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Curing versus Healing

October 11, 2010 1 comment

Sorry for the lack of posting lately. Writing this stuff is really hard, so I don’t write it unless I really have something to say.

My therapy progresses. And I’ve learned some things, which are simultaneously informative, helpful, and very painful. I have to say that I am not enjoying this process, not at all.

I’ve realized, as I get further into this, is just what success means when you’re fighting social anxiety. Success isn’t a cure. There is no cure – it’s not an illness like an infection, where you take some medicine and it goes away. At least in my case, it’s more like an injury. You can help it heal, make it less crippling, but the damage will never completely go away. Iwent through years of abuse, and that left scars. Those scars are a part of me that I can’t get rid of. I can learn to change the role that those scars play in my life, to reduce their impact on my day-to-day interactions with other people, but I can’t eliminate that impact.

In one sense, realizing that is a good thing. Part of what had me feeling so hopeless for a while was the fact that I thought that what I needed to do was erase those scars – and I didn’t believe that I couldpossibly do that. So understanding that I’m not really trying to do that? It makes it much easier to see the light at the end of the tunnel.

But in another sense, it’s awful. It makes me so angry, so angry that I don’t really know how to put it into words… These bastards who abused me, who tortured me for their own pleasure – I will never be completely free of them. The things they did to me will always be an unescapable part of my life.

Another recent development in my therapy is flashbacks. Or, I guess, to be precise, awareness of flashbacks.

I mentioned a couple of posts back that my daughter just started middle school. My wife and I went to the back-to-school night at her school to meet her teachers. While we were in the math classroom, something happened which literally put me, in my own head, back in my seventh grade math classroom.

I’m not going to go into details, because I don’t want to say anything that could give away who I am. But someone, meaning well, did something that reminded me of what people used to do to let me know that I was going to be beaten up after class. And.. well, it’s a very hard thing to describe. I wasn’t hallucinating – it’s not like I didn’t know where I was. But simultaneously, like it was superimposed in my imagination over the real classroom that I was seeing, I could see, perfectly clearly, that seventh grade classroom, and the people in it, and the people who’d abused me.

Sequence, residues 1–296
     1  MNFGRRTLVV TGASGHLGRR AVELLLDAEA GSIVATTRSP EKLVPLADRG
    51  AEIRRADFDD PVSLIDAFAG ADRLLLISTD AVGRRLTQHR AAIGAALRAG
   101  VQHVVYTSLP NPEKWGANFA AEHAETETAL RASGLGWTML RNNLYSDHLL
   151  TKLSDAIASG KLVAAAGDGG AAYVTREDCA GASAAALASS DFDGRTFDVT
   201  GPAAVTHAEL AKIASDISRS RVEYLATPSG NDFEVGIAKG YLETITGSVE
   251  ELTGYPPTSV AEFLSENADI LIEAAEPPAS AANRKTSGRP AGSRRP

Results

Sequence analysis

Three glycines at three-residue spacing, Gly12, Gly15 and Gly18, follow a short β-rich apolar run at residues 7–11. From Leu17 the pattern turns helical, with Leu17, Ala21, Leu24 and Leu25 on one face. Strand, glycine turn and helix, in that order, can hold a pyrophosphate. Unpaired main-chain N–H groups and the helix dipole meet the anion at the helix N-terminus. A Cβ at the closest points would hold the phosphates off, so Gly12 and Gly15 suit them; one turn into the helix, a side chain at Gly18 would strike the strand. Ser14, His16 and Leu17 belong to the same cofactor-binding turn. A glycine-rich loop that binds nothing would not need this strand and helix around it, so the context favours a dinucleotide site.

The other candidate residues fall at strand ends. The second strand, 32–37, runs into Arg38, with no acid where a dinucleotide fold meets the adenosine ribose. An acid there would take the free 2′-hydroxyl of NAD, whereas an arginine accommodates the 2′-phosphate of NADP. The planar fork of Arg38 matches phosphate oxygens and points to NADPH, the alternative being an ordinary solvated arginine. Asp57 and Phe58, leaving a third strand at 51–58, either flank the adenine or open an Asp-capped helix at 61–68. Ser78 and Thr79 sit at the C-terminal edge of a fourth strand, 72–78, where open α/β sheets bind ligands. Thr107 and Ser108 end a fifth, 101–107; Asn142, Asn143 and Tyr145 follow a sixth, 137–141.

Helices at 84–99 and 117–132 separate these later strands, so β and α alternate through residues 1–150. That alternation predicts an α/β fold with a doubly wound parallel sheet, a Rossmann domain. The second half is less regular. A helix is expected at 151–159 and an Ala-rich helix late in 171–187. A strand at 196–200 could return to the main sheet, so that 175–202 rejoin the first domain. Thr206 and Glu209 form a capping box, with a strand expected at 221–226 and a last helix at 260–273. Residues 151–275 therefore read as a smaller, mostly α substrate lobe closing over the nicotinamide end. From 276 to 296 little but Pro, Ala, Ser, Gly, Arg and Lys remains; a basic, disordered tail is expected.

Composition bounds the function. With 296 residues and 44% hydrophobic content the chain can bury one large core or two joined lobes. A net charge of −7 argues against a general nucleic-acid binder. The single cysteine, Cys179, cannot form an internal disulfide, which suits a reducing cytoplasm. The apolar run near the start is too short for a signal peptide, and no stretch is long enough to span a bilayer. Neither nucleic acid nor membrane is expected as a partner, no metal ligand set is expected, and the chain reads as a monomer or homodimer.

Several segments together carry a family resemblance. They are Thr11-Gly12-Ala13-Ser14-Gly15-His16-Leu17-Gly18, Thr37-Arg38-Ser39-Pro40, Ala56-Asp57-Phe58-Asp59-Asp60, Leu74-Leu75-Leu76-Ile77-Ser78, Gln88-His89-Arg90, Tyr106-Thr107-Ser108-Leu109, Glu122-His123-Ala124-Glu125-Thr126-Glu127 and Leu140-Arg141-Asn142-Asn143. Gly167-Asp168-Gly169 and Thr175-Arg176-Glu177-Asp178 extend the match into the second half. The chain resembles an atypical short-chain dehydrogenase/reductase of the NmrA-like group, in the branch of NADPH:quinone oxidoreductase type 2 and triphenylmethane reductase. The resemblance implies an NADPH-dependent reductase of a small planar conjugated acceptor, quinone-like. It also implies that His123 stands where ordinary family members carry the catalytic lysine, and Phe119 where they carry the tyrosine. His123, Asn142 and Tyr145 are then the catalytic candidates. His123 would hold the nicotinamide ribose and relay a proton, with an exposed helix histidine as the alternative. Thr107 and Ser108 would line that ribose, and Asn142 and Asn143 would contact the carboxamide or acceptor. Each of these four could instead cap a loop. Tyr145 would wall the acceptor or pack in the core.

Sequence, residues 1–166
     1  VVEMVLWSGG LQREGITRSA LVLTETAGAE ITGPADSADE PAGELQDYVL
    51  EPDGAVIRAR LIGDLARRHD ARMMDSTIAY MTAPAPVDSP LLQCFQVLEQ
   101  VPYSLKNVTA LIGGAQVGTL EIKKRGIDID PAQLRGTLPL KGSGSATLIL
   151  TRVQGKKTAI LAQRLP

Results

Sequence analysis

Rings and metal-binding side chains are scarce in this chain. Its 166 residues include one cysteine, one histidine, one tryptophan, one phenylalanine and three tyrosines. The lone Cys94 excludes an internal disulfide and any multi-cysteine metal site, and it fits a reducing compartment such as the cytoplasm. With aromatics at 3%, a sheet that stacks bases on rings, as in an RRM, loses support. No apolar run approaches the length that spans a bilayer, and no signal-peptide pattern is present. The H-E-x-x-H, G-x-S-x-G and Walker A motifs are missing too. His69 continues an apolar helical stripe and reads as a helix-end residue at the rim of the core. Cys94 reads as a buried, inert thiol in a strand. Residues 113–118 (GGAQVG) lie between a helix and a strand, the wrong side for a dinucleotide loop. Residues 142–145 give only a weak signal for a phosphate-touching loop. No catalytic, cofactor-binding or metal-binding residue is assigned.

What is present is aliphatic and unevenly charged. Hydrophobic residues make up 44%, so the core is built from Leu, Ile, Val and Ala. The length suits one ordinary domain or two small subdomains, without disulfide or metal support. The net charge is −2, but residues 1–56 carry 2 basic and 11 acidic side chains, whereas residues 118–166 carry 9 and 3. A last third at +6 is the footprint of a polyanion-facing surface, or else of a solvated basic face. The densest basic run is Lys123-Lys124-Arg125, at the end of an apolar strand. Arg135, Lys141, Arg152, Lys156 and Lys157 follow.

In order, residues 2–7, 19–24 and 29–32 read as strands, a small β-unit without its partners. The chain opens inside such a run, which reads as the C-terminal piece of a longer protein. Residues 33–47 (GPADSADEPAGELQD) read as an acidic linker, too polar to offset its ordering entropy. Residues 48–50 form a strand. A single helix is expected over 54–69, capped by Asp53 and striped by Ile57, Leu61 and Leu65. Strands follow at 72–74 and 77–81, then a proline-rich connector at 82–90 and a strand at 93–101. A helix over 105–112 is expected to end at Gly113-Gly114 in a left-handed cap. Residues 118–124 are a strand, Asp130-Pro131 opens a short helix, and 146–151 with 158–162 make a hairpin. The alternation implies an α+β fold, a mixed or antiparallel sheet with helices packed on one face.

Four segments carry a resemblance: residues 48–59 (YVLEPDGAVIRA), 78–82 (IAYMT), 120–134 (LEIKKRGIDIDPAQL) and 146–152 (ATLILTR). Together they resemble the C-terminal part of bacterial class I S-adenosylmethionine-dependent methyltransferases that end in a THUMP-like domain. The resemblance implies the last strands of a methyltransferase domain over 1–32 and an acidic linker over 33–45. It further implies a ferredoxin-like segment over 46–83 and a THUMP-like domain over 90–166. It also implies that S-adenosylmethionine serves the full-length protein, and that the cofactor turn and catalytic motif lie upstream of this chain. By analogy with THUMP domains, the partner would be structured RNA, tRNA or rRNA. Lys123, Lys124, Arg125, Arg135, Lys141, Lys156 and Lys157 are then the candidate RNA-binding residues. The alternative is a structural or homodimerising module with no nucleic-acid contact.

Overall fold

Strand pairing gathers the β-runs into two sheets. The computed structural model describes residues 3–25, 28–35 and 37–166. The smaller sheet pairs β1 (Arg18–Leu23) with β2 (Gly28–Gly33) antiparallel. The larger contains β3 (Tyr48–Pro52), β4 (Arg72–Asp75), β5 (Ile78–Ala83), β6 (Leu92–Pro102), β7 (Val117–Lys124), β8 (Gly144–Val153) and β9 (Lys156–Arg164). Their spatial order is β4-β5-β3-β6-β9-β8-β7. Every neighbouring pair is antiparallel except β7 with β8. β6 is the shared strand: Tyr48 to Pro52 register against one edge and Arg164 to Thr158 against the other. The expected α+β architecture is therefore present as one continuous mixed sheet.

It was a horrible, terrifying moment.

Talking to my doctor about that, and then thinking about it afterwards – I’ve realized that there is a strong element of flashback to a lot of my anxiety. It’s not at a conscious level, and it’s nowhere nearly as vivid as that night at my daughter’s school. But it’s there.

For example, I was at work, sitting in a lounge in my office, and a former coworker who I was friends with walked by, and said “Hey! Haven’t seen you in a while!” My immediate reaction was terror. Why? In my head… back in school, every time anyone said those words, “haven’t seen you in a while”, it was immediately followed by getting hit, or tripped, or banged into a wall. Again, I haven’t consciously thought about that in many years, but that’s been behind my reactions all along.

It scares me. It really does. That all of these things are still inside my head, still affecting me in such a direct way. Things that I really honestly believed I hadn’t remembered, things that I desperately tried to forget – they’re all there, they’re not forgotten, and they’re still affecting me.

Which, I guess, brings this post full circle. I’m never going to escape from the influence of these things. There is no cure. But, hopefully, I can heal, at least a little bit. My hope is that by understanding these influences, by understanding where my fear comes from, I can learn to at least reduce their ability to continue to warp my life. That, if I can’t be cured, I can at least recover some of who I could have been.